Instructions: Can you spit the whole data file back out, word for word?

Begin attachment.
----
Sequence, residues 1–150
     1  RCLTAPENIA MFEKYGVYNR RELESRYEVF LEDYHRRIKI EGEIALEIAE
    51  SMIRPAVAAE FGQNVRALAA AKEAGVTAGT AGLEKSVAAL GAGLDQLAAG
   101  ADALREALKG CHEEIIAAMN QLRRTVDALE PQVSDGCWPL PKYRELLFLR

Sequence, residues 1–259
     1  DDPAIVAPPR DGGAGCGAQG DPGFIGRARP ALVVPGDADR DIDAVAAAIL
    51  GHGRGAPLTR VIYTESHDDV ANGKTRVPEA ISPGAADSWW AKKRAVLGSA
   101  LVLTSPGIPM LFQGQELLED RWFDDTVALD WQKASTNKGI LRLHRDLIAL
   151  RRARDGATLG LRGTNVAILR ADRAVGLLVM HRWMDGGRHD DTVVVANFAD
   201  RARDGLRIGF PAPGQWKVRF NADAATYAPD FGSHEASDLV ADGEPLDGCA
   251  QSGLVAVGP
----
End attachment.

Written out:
Sequence, residues 1–150
     1  RCLTAPENIA MFEKYGVYNR RELESRYEVF LEDYHRRIKI EGEIALEIAE
    51  SMIRPAVAAE FGQNVRALAA AKEAGVTAGT AGLEKSVAAL GAGLDQLAAG
   101  ADALREALKG CHEEIIAAMN QLRRTVDALE PQVSDGCWPL PKYRELLFLR

Sequence, residues 1–259
     1  DDPAIVAPPR DGGAGCGAQG DPGFIGRARP ALVVPGDADR DIDAVAAAIL
    51  GHGRGAPLTR VIYTESHDDV ANGKTRVPEA ISPGAADSWW AKKRAVLGSA
   101  LVLTSPGIPM LFQGQELLED RWFDDTVALD WQKASTNKGI LRLHRDLIAL
   151  RRARDGATLG LRGTNVAILR ADRAVGLLVM HRWMDGGRHD DTVVVANFAD
   201  RARDGLRIGF PAPGQWKVRF NADAATYAPD FGSHEASDLV ADGEPLDGCA
   251  QSGLVAVGP